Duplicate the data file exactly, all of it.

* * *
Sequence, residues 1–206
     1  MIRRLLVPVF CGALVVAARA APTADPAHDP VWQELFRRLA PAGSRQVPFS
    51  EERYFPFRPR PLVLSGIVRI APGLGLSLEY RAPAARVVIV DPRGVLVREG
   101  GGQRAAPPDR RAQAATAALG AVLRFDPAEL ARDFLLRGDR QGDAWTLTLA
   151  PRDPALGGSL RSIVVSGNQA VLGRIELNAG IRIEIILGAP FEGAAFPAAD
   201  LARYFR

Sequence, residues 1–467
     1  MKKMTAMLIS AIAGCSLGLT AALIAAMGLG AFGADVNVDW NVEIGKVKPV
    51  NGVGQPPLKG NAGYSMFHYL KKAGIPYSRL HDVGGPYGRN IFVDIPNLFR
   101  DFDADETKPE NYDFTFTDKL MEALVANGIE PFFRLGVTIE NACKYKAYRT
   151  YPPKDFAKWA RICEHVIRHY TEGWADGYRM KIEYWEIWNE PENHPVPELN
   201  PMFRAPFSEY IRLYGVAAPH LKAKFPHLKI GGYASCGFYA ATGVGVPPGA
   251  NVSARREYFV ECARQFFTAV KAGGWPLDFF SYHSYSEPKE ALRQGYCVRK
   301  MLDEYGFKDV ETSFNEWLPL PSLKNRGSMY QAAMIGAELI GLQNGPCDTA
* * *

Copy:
Sequence, residues 1–206
     1  MIRRLLVPVF CGALVVAARA APTADPAHDP VWQELFRRLA PAGSRQVPFS
    51  EERYFPFRPR PLVLSGIVRI APGLGLSLEY RAPAARVVIV DPRGVLVREG
   101  GGQRAAPPDR RAQAATAALG AVLRFDPAEL ARDFLLRGDR QGDAWTLTLA
   151  PRDPALGGSL RSIVVSGNQA VLGRIELNAG IRIEIILGAP FEGAAFPAAD
   201  LARYFR

Sequence, residues 1–467
     1  MKKMTAMLIS AIAGCSLGLT AALIAAMGLG AFGADVNVDW NVEIGKVKPV
    51  NGVGQPPLKG NAGYSMFHYL KKAGIPYSRL HDVGGPYGRN IFVDIPNLFR
   101  DFDADETKPE NYDFTFTDKL MEALVANGIE PFFRLGVTIE NACKYKAYRT
   151  YPPKDFAKWA RICEHVIRHY TEGWADGYRM KIEYWEIWNE PENHPVPELN
   201  PMFRAPFSEY IRLYGVAAPH LKAKFPHLKI GGYASCGFYA ATGVGVPPGA
   251  NVSARREYFV ECARQFFTAV KAGGWPLDFF SYHSYSEPKE ALRQGYCVRK
   301  MLDEYGFKDV ETSFNEWLPL PSLKNRGSMY QAAMIGAELI GLQNGPCDTA